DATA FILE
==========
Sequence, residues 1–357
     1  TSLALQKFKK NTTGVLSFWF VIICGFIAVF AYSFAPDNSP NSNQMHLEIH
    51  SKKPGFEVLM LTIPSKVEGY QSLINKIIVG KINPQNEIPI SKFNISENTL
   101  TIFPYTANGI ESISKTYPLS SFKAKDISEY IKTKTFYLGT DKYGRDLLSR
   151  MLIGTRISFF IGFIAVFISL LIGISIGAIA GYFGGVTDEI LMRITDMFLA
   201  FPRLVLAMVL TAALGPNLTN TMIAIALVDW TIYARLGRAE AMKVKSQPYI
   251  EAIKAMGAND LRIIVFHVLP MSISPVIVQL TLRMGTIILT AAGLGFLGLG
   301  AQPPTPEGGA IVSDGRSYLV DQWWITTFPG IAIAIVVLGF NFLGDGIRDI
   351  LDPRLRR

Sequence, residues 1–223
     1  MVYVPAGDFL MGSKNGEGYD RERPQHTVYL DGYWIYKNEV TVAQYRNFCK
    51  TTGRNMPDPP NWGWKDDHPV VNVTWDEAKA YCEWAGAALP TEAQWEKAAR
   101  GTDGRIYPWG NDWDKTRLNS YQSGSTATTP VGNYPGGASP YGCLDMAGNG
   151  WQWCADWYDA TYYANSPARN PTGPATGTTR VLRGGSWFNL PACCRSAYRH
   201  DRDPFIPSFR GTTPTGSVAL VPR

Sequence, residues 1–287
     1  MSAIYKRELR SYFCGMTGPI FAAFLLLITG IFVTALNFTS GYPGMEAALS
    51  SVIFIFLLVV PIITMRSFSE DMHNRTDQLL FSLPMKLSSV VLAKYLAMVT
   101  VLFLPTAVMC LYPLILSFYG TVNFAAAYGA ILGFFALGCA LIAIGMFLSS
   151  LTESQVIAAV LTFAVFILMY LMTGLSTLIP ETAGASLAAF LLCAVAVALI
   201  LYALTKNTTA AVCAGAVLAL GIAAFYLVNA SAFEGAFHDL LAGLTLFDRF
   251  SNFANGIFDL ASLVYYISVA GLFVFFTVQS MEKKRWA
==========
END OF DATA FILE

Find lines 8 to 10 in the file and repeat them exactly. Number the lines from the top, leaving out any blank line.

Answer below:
   301  AQPPTPEGGA IVSDGRSYLV DQWWITTFPG IAIAIVVLGF NFLGDGIRDI
   351  LDPRLRR

Sequence, residues 1–223